The school's founding faculty included Fairbanks (President of the Academy), D. W. Griffith, William C. deMille, Ernst Lubitsch, Irving Thalberg, and Darryl F. Zanuck.

The Struggle (film)

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He made roughly 500 films by the time of his final feature The Struggle (1931).
The Struggle is a 1931 American Pre-Code feature film directed by D. W. Griffith.

Biograph Company

BiographAmerican Mutoscope and Biograph CompanyAmerican Mutoscope Company
In 1908, Griffith accepted a role as a stage extra in Professional Jealousy for the American Mutoscope and Biograph Company, where he met cameraman Billy Bitzer, and his career in the film industry changed forever.
The company was home to pioneering director D. W. Griffith and such actors as Mary Pickford, Lillian Gish and Lionel Barrymore.

Lillian Gish

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According to Lillian Gish, the company thought that "a movie that long would hurt [the audience's] eyes".
Gish was a prominent film star from 1912 into the 1920s, particularly associated with the films of director D. W. Griffith, including her leading role in the highest-grossing film of the silent era, Griffith's seminal The Birth of a Nation (1915).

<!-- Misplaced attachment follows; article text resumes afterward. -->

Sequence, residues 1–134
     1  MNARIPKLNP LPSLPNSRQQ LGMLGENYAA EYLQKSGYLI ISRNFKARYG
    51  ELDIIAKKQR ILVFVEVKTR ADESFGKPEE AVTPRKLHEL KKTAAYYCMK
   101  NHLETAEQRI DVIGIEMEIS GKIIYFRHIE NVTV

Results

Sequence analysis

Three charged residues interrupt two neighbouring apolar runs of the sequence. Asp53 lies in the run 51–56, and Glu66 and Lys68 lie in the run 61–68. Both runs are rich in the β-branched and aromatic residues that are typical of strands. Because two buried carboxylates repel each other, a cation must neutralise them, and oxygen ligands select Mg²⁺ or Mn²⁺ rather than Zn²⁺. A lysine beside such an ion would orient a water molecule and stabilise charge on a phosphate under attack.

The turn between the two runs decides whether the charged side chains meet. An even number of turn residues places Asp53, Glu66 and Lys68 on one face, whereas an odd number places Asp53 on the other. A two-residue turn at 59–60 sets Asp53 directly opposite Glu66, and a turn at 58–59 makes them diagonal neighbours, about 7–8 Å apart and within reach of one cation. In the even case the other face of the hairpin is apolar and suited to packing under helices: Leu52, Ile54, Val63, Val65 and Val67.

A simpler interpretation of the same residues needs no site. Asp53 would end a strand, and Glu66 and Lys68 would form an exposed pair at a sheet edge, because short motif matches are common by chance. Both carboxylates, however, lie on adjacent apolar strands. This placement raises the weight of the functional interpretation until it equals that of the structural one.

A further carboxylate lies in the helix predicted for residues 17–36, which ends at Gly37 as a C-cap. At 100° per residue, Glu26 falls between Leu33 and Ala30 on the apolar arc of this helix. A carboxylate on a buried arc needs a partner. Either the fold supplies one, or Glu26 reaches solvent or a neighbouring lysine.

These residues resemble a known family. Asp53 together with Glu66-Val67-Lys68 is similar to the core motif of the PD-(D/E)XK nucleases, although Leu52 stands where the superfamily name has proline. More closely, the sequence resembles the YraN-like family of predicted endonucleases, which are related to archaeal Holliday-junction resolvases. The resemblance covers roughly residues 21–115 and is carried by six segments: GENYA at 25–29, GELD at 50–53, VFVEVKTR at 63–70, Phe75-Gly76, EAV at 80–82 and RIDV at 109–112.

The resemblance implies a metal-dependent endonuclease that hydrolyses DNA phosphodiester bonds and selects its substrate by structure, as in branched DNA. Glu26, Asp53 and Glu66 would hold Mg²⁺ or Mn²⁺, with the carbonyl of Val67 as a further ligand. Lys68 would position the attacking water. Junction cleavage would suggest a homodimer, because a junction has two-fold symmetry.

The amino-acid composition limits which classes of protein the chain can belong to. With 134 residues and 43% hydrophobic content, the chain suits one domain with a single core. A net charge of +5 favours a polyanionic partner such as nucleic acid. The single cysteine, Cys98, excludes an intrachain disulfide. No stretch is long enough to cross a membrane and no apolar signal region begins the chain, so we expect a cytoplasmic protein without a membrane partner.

The Adventures of Dollie

McCutcheon, Jr. did not bring the studio success; Biograph co-founder Harry Marvin gave Griffith the position, and he made the short The Adventures of Dollie.
The Adventures of Dollie is a 1908 American silent film directed by D. W. Griffith.

Judith of Bethulia

Four years later, he produced and directed his first feature film Judith of Bethulia (1914), one of the earliest to be produced in the US. Biograph believed that longer features were not viable at that point.
Judith of Bethulia (1914) is a film starring Blanche Sweet and Henry B. Walthall, and produced and directed by D. W. Griffith, based on the play of the same name by Thomas Bailey Aldrich.

Hollywood

Hollywood, CaliforniaHollywood, CAHollywood, Los Angeles, California
His short In Old California (1910) was the first film shot in Hollywood, California.
Director D. W. Griffith was the first to make a motion picture in Hollywood.

In Old California (1910 film)

In Old California
His short In Old California (1910) was the first film shot in Hollywood, California.
It was directed by D. W. Griffith of the Biograph Company (then based in New York City).

Thomas H. Ince

Thomas InceIncevilleThomas H. Ince Studios
His new production company became an autonomous production unit partner in Triangle Film Corporation along with Thomas H. Ince and Keystone Studios' Mack Sennett.
He later entered into a partnership with D.W. Griffith and Mack Sennett to form the Triangle Motion Picture Company, whose studios are the present-day site of Sony Pictures.

Wallace McCutcheon Sr.

Wallace McCutcheonWallace McCutcheon, Jr.Wallace McCutcheion
In 1908, Biograph's main director Wallace McCutcheon, Sr. grew ill, and his son Wallace McCutcheon, Jr. took his place.
The younger McCutcheon did such a poor job that he was replaced by newcomer D.W. Griffith, whose success was so immediate that Biograph saw no need to bring either McCutcheon back into the fold.